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Posts for category: ENT Care

By Century Ear, Nose, Throat, Head & Neck Surgery
September 20, 2021
Category: ENT Care
Tags: Ear Infections  
Preventing Ear InfectionsDo you deal with painful ear infections often? Does your child? We all know how painful an ear infection can be and we also know that as with any health problem, it is always easier (and better) to prevent it whenever possible. Didn’t realize there were things you could do to lessen the chances of developing an ear infection? Well, now you’re about to find out…

Practice Good Hygiene

Some ear infections occur as a result of a cold or flu, so it’s important that you protect yourself from viral infections to reduce your risk for an ear infection, too. This means practicing proper handwashing, avoiding those who are sick, and not touching your mouth or face.

Find Allergy Relief

Allergies can also cause some serious issues. If you find yourself getting ear infections around the wintertime this could be the result of allergies. To prevent swelling of the Eustachian tubes you should find an allergy nasal spray that can better control your symptoms and

Get the Flu Shot

As we mentioned above, getting the flu can also lead to an ear infection. So if you are someone who notoriously finds themselves battling an ear infection after the flu, the best way to protect yourself and those around you is to get the flu shot. The flu shot should be administered each year to those 6 months and older.

Avoid Cigarette Smoke

Smoking can also cause the Eustachian tubes of the ears to swell. This is why you should quit smoking if you currently smoke. It’s also particularly important for newborns and young children to avoid any environmental pollutants or smoky areas, as they are already particularly susceptible to ear infections and these environments can make it worse.

Breastfeed Your Newborn

Since children under 3 years old are particularly vulnerable to ear infections, one of the best ways to protect them is to breastfeed them. This is because breastmilk contains antibodies that can protect the baby from infections, including ear infections. It is recommended that women breastfeed their baby for at least the first six months, but can continue to breastfeed as long as they want.

If you are dealing with recurring or severe ear infections it’s always best to play it safe and to see a qualified ENT professional for an evaluation. Recurring ear infections can be a sign that something more is going on and warrants having it checked out.
By Century Ear, Nose, Throat, Head & Neck Surgery
April 29, 2021
Category: ENT Care

Could your child benefit from seeing an ENT doctor for treatment?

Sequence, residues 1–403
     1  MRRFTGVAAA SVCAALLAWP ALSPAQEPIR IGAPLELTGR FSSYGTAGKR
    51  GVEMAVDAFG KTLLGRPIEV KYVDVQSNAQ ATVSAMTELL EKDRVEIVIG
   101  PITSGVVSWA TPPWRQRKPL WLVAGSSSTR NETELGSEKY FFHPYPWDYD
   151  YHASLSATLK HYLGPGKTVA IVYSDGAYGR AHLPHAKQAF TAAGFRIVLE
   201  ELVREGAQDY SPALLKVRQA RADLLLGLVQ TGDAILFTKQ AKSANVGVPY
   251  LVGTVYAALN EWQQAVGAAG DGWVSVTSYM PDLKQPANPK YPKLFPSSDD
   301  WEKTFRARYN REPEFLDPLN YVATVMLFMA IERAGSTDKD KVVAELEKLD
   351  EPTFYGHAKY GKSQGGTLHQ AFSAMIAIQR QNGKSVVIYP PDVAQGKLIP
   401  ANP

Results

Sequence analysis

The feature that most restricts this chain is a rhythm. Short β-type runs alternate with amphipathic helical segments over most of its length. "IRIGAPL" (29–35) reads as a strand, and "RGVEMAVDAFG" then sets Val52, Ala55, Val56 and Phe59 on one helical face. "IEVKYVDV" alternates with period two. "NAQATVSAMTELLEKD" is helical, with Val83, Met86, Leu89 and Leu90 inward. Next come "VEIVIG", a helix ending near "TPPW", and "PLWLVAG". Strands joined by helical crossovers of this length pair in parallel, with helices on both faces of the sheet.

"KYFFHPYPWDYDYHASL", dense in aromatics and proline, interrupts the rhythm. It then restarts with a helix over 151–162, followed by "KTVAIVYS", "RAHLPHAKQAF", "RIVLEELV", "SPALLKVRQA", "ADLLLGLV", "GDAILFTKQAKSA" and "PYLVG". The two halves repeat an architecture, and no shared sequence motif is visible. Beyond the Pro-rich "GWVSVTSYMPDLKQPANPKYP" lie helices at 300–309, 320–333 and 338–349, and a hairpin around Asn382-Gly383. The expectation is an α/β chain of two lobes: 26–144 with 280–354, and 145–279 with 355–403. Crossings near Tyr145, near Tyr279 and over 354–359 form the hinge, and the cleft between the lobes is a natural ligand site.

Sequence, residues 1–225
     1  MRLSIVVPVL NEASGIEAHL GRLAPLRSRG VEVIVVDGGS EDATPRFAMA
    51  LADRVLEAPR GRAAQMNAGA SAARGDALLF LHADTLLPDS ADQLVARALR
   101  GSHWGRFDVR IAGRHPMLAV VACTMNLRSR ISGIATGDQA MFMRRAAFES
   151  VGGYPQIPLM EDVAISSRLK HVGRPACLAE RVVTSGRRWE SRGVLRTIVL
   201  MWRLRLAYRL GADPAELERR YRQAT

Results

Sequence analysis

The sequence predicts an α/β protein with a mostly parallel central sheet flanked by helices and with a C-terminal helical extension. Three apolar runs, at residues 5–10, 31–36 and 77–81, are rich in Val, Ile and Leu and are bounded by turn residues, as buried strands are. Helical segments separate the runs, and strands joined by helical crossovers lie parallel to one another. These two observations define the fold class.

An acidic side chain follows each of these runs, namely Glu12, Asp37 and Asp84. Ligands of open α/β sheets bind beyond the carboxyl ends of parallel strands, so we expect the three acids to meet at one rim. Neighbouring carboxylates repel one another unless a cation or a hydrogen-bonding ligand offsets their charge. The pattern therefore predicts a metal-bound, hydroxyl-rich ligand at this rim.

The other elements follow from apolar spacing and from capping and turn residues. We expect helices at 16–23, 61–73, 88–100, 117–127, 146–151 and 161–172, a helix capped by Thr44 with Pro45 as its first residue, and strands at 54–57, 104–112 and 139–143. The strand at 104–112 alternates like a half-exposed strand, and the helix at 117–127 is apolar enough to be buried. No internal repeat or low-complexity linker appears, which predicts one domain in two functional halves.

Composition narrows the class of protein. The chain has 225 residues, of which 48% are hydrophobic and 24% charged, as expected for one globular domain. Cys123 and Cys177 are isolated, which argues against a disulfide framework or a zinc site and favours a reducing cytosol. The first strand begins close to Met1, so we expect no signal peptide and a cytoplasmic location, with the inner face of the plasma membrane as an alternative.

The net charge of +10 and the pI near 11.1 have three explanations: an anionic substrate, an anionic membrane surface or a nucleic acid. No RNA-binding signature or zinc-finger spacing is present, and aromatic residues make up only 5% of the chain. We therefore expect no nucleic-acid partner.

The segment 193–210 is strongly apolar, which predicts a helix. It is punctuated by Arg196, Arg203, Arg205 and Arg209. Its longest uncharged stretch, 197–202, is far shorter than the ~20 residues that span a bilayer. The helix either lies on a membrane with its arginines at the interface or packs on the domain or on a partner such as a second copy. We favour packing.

From ear infections to tonsillitis, there are many reasons why parents may bring their child in to visit our Orland Park, Evergreen Park, and New Lenox, IL, otolaryngology specialists at Century Ear, Nose and Throat, Head and Neck Surgery. After all, they specialize in providing pediatric ear, nose, and throat care to children and teens throughout Orland Park, Evergreen Park, and New Lenox, IL. While some symptoms may easily be treated by a pediatrician, how do you know when to bring your child in to see our otolaryngology specialist?

My child has an ear infection. Do they need to see a doctor?

Most parents aren’t sure whether an ear infection warrants immediate medical attention or whether they should hold off. Most minor ear infections will go away on their own; however, you should monitor your child’s infection over the next 1-2 days. If symptoms get worse, then give us a call; however, you should seek immediate treatment from our ENT team if,

  • Your child has an ear infection and they are under six months old
  • Your child has a high fever (over 102.2 degrees F)
  • Your child is experiencing severe symptoms or signs of hearing loss
  • Your child’s symptoms are getting worse
  • Their symptoms last more than 2-3 days

Does my child need ear tubes?

If your child is getting regular ear infections, then it’s normal to weigh the pros and cons of getting ear tubes. Ear tubes are great for preventing future ear infections in your child, which also prevents them from taking antibiotics regularly; however, simply dealing with ear infections a couple of times a year doesn’t necessarily mean that your child needs ear tubes. You may want to consider ear tubes if ear infections are impacting your child’s hearing and there is a concern for developmental delays, or if your child is dealing with more than three ear infections in a six-month period.

When should I turn to a pediatric ENT doctor?